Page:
Here’s the interesting part:

He says he doesn’t “like the idea” of layering a VAT onto the current income tax system. But he adds that, philosophically speaking, a VAT might work as a replacement for some part of the tax code, “particularly at the corporate level,” as Paul Ryan proposed several years ago. What he doesn’t do is rule a VAT out.

I think it’s important to pause here and give the reader a refresher on the VAT. I hate to say this, but it’s true: The extent of the average American’s knowledge of the VAT tax can be summed up as “VAT = Europe” and “Europe = Good (for a Democrat) or Bad (for a Republican)”.

I know of no better explanation of the VAT and its dangers than this discussion with Murray Rothbard (via Reason.com, and I highly encourage the reader to read the entire article):

The VAT is essentially a national sales tax, levied in proportion to the goods and services produced and sold. But its delightful concealment comes from the fact that the VAT is levied at each step of the way in the production process: on farmer, manufacturer, jobber and wholesaler, and only slightly on the retailer.

The difference is that when a consumer pays a 7 percent sales tax on every purchase, his indignation rises and he points the finger of resentment at the politicians in charge of government; but if the 7 percent tax is hidden and paid by every firm rather than just at retail, the inevitably higher prices will be charged, not to the government where it belongs, but to grasping businessmen and avaricious trade unions.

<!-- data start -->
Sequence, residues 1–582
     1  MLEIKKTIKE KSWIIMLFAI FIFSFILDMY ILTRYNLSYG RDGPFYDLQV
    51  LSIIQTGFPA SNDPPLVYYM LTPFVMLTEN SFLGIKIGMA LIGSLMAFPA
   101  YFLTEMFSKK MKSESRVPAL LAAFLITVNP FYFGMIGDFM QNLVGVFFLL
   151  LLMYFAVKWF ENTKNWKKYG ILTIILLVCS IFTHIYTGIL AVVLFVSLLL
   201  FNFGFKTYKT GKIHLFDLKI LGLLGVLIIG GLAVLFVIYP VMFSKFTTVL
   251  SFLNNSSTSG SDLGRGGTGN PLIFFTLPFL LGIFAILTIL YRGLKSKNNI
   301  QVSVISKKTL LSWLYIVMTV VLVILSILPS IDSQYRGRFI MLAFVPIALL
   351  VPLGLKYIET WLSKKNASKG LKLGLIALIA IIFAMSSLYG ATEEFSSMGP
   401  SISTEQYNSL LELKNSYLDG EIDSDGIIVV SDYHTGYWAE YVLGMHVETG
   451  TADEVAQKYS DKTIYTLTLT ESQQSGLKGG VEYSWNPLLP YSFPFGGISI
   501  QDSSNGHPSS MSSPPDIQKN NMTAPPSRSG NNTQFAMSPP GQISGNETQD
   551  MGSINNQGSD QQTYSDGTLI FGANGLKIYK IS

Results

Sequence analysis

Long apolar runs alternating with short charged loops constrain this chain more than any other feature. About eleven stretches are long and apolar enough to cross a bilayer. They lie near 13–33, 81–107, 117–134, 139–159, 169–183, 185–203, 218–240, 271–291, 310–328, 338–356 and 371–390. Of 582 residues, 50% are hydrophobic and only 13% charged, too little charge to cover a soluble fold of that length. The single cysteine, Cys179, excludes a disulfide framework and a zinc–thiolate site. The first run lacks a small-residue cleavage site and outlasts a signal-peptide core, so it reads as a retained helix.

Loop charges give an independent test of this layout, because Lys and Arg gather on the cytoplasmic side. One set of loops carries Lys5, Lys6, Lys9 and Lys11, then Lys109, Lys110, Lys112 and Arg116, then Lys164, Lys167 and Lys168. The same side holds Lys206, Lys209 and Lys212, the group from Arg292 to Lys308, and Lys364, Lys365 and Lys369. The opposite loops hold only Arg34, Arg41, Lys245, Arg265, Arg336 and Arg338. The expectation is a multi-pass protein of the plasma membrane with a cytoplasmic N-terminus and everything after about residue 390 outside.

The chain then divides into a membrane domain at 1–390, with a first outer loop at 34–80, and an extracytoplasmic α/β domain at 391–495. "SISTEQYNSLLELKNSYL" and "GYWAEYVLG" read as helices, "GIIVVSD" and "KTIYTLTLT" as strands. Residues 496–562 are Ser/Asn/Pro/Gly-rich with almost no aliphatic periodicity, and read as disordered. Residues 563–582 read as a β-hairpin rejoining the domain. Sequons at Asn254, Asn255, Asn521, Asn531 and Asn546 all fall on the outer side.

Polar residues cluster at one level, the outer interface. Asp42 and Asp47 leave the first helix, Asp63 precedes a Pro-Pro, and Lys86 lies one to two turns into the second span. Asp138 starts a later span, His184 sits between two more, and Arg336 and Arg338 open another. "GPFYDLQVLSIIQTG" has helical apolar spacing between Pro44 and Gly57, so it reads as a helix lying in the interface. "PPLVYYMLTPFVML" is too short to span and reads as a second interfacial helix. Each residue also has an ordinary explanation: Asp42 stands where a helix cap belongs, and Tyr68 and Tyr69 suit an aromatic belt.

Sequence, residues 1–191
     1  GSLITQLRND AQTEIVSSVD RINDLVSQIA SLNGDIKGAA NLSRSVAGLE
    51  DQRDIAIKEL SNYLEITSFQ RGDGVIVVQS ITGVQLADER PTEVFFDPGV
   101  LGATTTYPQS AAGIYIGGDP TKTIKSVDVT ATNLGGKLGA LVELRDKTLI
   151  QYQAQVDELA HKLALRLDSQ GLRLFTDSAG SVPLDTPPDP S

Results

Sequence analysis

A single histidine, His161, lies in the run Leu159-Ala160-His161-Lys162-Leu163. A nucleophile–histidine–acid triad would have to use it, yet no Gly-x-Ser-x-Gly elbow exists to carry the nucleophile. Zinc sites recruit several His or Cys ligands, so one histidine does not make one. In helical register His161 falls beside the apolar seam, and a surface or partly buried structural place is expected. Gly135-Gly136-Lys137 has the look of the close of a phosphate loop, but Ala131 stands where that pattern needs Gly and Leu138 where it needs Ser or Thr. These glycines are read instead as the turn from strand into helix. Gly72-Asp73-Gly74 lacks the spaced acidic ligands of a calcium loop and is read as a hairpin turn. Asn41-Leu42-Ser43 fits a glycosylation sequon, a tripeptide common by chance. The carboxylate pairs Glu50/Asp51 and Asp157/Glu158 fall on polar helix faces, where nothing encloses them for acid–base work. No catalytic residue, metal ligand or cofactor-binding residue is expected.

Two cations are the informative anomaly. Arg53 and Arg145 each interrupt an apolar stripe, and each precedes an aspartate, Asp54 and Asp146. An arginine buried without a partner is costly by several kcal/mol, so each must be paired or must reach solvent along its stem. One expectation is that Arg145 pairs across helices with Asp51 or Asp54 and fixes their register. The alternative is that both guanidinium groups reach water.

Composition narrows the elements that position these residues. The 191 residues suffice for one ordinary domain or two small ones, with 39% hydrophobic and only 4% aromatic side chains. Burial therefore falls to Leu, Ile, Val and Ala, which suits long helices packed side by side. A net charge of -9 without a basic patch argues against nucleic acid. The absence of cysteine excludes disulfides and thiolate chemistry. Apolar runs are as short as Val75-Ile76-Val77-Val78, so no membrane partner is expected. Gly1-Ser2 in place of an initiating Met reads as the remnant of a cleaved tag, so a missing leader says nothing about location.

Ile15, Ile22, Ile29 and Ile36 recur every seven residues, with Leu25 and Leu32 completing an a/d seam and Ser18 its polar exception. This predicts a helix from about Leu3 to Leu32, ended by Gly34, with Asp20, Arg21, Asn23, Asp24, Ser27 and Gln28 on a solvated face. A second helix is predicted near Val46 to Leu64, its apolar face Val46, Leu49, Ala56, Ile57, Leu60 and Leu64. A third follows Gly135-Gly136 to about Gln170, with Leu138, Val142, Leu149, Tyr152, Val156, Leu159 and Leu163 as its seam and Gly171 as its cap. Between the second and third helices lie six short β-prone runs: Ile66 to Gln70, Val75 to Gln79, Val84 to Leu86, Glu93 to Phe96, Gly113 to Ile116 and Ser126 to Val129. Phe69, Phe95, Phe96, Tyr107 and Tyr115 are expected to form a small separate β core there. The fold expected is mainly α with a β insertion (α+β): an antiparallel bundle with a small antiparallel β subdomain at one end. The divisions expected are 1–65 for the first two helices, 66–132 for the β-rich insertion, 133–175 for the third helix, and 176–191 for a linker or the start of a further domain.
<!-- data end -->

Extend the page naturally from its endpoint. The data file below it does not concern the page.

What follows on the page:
While consumers, businessmen, and unions all blame each other for inflation like Kilkenny cats, Papa government is able to preserve its lofty moral purity, and to join in denouncing all of these groups for “causing inflation.”

It is now easy to see the enthusiasm of the federal government and its economic advisers for the new scheme for a VAT. It allows the government to extract many more funds from the public — to bring about higher prices, lower production, and lower incomes —and yet totally escape the blame, which can easily be loaded on business, unions, or the consumer as the particular administration sees fit.

As you can see, it’s no surprise that VAT taxes are instruments of big socialist states.

The question, then, is whether or not Romney is proposing a VAT tax, but avoiding the conservative slings and arrows of such a proposal (by pointing out that Paul Ryan proposed a VAT at one point)?